a walk at scott’s run nature preserve

Saturday, August 24: Today, I go with Mike, Alex & Bailey on a short 3 mile walk through Scott’s Run Nature Preserve along the Potomac River.  This park wouldn’t be here today if it weren’t for citizen protesters in the late 1960s and early 1970s who fought against development of the area.

We walk through mature hardwood forests of large oak and beech trees, among ancient hemlock and wild cherry trees.  We toss sticks into the Potomac River for Bailey; we clamber up cliffs and across creeks.  We lose Alex for a while and when Mike makes a strange bird call, Alex answers back from the  depths of the forest. We add stones to a large cairn in the middle of the creek and find leaves rippling under flowing water.  Alex does hand stands and leg lifts.  I find fungi on fallen tree trunks and photograph the strange colors and shapes from every angle.  We discover initials carved into a large tree that tell of those who have gone before us.

It’s hot today, but I can feel fall is around the corner.  I can’t wait.

Alex prepares for the walk with a gymnastics move
Alex prepares for the walk with a gymnastics move
Mike and Bailey at Scott's Run
Mike and Bailey at Scott’s Run
Fungi on trees at Scott's Run
Fungi on trees at Scott’s Run
Fungi on trees at Scott's Run
Fungi on trees at Scott’s Run
Fungi on trees at Scott's Run
Fungi on trees at Scott’s Run
Alex
Alex
initials carved into trees
initials carved into trees
Alex does another gymnastics move
Alex does another gymnastics move
Fungi on trees at Scott's Run
Fungi on trees at Scott’s Run
Fungi on trees at Scott's Run
Fungi on trees at Scott’s Run
Fungi on trees at Scott's Run
Fungi on trees at Scott’s Run
Fungi on trees at Scott's Run
Fungi on trees at Scott’s Run
Fungi on trees at Scott's Run
Fungi on trees at Scott’s Run

Scott’s Run is the main creek that runs through the park.  It winds to its journey’s end where it spills over a small yet lovely waterfall before entering the Potomac River

waterfall at Scott's Run
waterfall at Scott’s Run
the Potomac River
the Potomac River
waterfall at Scott's Run
waterfall at Scott’s Run
The Potomac River
The Potomac River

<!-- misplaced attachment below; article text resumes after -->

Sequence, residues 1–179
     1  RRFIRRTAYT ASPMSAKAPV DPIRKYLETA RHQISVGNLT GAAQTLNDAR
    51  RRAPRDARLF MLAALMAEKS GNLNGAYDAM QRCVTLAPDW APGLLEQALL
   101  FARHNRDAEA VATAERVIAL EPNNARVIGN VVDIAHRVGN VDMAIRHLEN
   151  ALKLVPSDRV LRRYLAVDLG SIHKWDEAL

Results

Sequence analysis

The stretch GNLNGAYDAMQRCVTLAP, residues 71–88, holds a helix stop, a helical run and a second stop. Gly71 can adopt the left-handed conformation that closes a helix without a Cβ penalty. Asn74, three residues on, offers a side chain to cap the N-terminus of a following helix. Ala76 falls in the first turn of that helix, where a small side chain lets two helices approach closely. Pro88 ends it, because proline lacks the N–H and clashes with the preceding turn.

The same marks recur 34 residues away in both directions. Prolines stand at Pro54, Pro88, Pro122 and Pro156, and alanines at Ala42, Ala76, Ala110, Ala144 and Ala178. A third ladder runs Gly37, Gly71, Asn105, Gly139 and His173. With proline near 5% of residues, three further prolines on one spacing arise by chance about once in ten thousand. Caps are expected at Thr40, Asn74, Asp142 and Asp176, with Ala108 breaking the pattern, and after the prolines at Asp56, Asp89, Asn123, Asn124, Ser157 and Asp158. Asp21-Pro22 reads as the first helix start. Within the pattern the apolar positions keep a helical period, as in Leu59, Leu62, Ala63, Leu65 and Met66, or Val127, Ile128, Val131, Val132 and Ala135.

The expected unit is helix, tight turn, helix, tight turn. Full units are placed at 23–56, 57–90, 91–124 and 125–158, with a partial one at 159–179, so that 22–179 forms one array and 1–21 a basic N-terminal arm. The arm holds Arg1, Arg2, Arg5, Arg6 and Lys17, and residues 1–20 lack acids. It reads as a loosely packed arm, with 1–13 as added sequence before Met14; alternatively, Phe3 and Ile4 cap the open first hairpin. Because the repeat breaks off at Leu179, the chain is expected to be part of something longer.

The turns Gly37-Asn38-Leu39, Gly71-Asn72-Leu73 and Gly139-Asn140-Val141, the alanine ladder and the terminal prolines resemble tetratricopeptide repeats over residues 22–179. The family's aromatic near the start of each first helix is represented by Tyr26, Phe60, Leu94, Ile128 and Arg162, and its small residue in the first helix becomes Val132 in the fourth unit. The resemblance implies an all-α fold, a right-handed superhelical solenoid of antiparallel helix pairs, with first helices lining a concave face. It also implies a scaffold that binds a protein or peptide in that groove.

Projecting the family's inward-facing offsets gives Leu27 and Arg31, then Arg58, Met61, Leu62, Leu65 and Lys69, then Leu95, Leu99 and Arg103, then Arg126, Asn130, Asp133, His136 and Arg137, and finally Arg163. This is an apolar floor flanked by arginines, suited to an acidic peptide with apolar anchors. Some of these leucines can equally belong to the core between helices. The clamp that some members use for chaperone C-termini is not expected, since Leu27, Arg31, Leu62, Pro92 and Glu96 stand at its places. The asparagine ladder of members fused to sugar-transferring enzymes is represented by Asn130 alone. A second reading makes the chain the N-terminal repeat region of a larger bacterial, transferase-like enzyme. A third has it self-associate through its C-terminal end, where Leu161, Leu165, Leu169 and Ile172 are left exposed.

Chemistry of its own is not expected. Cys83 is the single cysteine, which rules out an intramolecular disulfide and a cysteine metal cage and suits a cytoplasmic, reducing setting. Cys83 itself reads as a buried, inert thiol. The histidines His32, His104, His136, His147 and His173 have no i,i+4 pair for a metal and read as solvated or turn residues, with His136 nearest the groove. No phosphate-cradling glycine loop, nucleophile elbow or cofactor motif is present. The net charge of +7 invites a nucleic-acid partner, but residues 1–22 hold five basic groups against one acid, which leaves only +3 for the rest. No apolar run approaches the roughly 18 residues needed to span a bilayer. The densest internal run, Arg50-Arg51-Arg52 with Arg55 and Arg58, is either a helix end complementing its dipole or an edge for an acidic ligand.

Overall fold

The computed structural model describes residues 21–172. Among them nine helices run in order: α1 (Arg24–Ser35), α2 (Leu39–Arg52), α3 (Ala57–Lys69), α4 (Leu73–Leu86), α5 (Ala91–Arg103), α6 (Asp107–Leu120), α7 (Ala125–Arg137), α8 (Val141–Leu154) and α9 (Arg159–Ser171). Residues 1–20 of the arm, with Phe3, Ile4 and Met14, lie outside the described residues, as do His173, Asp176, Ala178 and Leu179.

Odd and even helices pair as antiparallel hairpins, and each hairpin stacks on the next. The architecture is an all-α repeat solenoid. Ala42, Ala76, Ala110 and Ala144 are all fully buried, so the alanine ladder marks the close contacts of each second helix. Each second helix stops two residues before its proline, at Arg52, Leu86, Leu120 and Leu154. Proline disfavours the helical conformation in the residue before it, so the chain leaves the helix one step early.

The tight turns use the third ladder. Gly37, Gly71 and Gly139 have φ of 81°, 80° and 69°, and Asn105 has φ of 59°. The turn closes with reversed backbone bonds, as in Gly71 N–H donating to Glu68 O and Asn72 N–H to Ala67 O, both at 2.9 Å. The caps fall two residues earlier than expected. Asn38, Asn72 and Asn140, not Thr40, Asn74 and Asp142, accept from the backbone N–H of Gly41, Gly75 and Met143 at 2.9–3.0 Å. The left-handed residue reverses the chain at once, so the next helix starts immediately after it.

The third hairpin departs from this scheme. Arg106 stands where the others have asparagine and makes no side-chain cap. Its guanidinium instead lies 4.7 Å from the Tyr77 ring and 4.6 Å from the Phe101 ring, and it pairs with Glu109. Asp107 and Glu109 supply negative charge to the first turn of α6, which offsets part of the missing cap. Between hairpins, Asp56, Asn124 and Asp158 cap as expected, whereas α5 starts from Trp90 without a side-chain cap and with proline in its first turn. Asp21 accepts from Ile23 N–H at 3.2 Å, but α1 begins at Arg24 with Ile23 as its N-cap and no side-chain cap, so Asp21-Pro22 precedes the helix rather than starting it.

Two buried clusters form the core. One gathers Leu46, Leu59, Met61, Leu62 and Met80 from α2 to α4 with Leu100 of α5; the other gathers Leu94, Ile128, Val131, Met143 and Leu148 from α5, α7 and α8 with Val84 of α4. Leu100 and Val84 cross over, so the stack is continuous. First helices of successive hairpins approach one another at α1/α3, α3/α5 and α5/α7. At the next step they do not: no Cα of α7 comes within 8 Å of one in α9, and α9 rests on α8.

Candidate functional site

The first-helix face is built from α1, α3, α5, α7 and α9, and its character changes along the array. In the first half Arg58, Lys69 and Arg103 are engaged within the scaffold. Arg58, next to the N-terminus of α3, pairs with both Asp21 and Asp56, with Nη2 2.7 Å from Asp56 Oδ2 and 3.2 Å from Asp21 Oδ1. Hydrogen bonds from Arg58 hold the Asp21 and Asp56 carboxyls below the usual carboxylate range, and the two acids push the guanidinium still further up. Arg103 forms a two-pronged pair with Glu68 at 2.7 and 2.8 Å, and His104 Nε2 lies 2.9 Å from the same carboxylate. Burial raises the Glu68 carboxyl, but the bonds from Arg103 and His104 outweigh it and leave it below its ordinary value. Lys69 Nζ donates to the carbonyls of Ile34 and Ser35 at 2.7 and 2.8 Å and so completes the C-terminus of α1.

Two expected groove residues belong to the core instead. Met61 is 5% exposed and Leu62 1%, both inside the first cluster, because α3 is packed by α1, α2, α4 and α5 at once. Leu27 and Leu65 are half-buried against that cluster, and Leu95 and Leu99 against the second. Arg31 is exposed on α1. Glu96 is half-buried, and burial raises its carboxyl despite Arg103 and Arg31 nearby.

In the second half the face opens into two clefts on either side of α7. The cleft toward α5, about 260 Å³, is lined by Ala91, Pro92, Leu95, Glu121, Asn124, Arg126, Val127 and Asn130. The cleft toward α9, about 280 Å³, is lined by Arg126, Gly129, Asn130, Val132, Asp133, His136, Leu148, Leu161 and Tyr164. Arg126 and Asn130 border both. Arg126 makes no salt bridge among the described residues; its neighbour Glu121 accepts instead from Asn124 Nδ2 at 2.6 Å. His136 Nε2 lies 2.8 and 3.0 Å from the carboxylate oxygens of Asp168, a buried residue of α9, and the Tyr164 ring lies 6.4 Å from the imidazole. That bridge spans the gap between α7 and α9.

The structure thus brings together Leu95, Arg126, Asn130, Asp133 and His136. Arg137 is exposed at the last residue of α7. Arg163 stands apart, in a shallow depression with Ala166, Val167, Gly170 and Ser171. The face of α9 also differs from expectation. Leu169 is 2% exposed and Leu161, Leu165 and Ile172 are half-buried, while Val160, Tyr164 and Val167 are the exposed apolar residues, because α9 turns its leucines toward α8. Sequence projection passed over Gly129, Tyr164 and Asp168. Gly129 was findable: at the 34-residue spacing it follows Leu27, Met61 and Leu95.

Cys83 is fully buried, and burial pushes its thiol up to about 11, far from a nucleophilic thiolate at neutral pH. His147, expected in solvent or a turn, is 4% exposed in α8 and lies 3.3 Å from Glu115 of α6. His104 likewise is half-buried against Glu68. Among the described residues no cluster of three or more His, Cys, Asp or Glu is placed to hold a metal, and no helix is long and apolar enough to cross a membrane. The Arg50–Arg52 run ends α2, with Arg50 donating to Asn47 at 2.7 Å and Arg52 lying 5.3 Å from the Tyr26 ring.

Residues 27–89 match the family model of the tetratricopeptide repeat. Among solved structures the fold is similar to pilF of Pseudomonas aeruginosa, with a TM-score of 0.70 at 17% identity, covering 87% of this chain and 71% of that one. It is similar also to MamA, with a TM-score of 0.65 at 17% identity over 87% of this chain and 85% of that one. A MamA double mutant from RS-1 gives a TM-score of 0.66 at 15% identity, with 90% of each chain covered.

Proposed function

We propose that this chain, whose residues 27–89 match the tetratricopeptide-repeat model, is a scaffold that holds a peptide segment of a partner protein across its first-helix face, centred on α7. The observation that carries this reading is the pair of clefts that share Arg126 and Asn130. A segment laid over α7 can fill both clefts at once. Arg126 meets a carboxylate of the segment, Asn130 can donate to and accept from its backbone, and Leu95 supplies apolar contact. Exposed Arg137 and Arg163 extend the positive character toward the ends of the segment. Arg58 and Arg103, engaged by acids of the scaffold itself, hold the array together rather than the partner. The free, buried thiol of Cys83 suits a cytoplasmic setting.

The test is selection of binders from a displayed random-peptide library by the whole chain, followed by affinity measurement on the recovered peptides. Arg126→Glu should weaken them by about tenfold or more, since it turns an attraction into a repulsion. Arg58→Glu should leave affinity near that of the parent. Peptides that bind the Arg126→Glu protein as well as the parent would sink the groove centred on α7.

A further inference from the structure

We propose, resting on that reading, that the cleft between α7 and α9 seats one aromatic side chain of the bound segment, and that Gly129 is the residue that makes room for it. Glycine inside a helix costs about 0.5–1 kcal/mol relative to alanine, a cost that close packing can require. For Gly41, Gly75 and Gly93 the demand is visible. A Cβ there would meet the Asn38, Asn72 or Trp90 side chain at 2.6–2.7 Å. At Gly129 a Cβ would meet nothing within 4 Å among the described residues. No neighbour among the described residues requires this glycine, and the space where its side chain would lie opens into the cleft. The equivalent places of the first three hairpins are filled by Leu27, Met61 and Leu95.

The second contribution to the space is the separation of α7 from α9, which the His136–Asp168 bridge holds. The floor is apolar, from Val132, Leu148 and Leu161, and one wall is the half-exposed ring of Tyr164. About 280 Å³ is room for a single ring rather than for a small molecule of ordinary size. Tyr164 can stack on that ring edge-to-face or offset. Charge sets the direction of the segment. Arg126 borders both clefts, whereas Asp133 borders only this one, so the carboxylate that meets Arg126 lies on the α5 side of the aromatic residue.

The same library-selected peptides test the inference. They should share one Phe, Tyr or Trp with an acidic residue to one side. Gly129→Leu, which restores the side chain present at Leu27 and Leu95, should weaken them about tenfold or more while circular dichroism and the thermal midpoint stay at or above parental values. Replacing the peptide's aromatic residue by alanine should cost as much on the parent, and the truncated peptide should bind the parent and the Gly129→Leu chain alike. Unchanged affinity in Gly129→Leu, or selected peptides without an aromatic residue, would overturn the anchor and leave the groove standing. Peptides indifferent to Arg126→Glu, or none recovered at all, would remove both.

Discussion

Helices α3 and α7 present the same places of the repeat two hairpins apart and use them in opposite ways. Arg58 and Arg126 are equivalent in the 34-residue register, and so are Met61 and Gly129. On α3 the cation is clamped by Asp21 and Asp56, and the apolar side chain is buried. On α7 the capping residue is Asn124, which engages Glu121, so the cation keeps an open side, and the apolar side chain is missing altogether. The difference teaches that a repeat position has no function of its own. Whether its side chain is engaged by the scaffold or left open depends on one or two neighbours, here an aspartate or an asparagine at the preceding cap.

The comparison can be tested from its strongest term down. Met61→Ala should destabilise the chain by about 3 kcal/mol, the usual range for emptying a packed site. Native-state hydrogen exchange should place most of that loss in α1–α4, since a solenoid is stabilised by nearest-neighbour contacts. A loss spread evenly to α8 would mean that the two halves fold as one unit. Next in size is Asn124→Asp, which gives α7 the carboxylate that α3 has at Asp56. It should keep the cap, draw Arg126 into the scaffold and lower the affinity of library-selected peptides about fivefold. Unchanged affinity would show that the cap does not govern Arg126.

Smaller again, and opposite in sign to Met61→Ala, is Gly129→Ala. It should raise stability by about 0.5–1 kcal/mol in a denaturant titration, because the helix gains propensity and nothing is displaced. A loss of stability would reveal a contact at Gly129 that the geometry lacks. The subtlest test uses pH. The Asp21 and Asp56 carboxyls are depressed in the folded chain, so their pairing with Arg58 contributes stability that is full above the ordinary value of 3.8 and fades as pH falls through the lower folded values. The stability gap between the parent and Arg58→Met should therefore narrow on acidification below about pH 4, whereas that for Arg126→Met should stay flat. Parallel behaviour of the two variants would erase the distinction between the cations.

The Potomac River
The Potomac River
Alex
Alex
cairn at Scott's Run
cairn at Scott’s Run
in the creek
in the creek
a lone leaf
a lone leaf
Alex does a handstand
Alex does a handstand

Scott’s Run was once a battlefield between developers and environmentalists.  Mike remembers going with high school friends in 1970 to a Fairfax County Board Meeting where opposing sides presented arguments for and against the formation of a park. It turned into a major battle. According to the website for Fairfax County, Virginia: Scott’s Run Nature Preserve:

In the 1960s, there were 336 wooded acres along the Georgetown Pike known as the Burling Tract. The land had belonged to an attorney named Edward Burling, Sr., who had a secluded cabin at the site. A developer bought the land after Burling’s death in 1966 and proposed 309 cluster homes for the area that would have left about half of the site as preserved, open land.

Neighbors saw small rezoning signs in the woods, and the clash of philosophies was under way. A citizen movement to stop the development arose, and the conflict of ideas that followed over the next year eventually enveloped county residents, the governor of Virginia and local elected officials, four U. S. senators, conservation and park agencies, the federal government, the New York Times, a national conservation organization, developers, protesting high school students and door-to-door petitioners.

Eventually a local public referenda passed as voters decided to tax themselves one and a-half million dollars to buy the land, although negotiations over the price continued. Eventually the U.S. Department of the Interior provided $3.6 million dollars to buy the land, which today belongs to the Fairfax County Park Authority.

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13 thoughts on “a walk at scott’s run nature preserve

  1. Thank God it is a beautiful location. Just think of all the beautiful woodlands which were not so lucky to be rescued. As for the fungi, some of it looks like rather delicious (and non-poisonous) oyster mushrooms, but I would not want to take the chance to test them out to see if that is what they are! The autumn ahead… I envy you!!!! Did all your stuff arrive from Oman that you shipped?

    1. Yes, it was really lovely there and just good to get outdoors. I was pleased to find all that fungi! And yes, I did get everything I shipped! Soon I’ll Be able to wear some cool weather clothes. 🙂

    1. I’m so glad you enjoy my present tense writing, mrs. carmichael. I try to do it as much as possible, but sometimes I forget I started in present tense, and change to past partway through. My mind simply isn’t what it used to be, although I’m not sure it was ever all that much!

  2. What an amazing number of fungi, Cathy! You live in a beautiful place.
    Washington was all over the local news for some shootings tonight! I didn’t catch all the details, but was so glad you weren’t there. You’re not safe anywhere in this world today, Cathy. Take good care 🙂

    1. I’m glad you like my little wanderings through the northern Virginia and Washington area, Jo. It is beautiful, but I know it often seems old hat to me. Those fungi were pretty cool though!

      Yes, those shootings today were terrible. It’s weird, these things happen so often now, that it becomes less shocking each time. That in itself is quite pathetic, isn’t it? No one does seem to be safe anywhere. You take good care too, friend. 🙂

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